Tennessee car accident kills teenage girl
A Tennessee community has lost one of its young members as a result of a tragic crash. The 16-year-old died only a month after obtaining her driver’s license. As is the case in many terrible car accidents, those left behind now must learn to live with the loss of a young, exuberant life.
The girl was traveling on Highway 411 South, according to the Tennessee Highway Patrol, on her way home to pick up her pom-poms for dance practice. Meanwhile, another driver headed in the northbound direction crossed the center turn lane and hit the teen’s vehicle head-on. The violent collision killed the 16-year-old instantly. The driver of the other car suffered life-threatening injuries and died the following day.
An investigation is being conducted into the official cause of the car accident. However, initial reports indicate that the driver who collided with the teenager’s vehicle was traveling at a high rate of speed just prior to the crash. In fact, he reportedly had passed a police officer who clocked him driving 73 mph just before the crash. He would have been traveling nearly 20 mph over the posted speed limit.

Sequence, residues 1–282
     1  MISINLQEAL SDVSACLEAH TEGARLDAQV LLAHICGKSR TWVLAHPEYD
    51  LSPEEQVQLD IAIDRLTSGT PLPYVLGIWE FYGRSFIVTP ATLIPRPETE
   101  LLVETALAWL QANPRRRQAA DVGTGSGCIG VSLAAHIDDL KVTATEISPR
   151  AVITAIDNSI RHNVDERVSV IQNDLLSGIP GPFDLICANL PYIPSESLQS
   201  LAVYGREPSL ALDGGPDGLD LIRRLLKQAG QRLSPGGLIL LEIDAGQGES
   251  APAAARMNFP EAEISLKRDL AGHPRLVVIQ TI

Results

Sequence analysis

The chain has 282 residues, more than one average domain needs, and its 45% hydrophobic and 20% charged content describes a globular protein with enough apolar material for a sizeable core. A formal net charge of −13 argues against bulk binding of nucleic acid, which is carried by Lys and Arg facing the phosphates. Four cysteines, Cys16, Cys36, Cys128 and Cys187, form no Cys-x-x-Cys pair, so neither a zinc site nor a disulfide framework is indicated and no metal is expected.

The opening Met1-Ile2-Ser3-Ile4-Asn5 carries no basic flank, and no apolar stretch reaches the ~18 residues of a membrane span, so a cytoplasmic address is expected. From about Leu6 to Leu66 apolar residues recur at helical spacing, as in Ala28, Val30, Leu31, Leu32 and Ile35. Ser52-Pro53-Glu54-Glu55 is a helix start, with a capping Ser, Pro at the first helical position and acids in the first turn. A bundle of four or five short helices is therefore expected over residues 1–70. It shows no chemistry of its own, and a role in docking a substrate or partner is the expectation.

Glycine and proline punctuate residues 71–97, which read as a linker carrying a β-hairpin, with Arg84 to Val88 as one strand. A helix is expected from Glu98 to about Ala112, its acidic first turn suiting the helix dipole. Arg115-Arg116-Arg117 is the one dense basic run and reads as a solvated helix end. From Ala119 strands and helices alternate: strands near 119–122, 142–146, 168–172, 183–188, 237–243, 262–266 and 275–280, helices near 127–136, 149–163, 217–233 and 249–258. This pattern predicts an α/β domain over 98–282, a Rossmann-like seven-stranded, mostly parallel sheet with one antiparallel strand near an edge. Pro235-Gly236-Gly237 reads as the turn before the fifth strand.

The community and family of this teenage victim have suffered a great loss that can never be replaced. As is true with victims of all such car accidents, the girl who died in this horrific crash left many who loved her and will miss her greatly. No family should have to bear the burden of such a tragedy alone, which is why Tennessee residents in similar situations may be inspired to know that help is available to them. In car accidents where one driver is negligent and causes death to another, the surviving family may be able to file a civil claim, such as wrongful death, to help them with medical or funeral expenses, as well as pain and suffering. In this case, the family may be able to file a claim against the estate of the other driver who was killed.
Source: The Daily Times, “Teen Who Died In Double Fatality Was ‘spirit Leader,’ Seen As Role Model At William Blount,” Aug. 20, 2012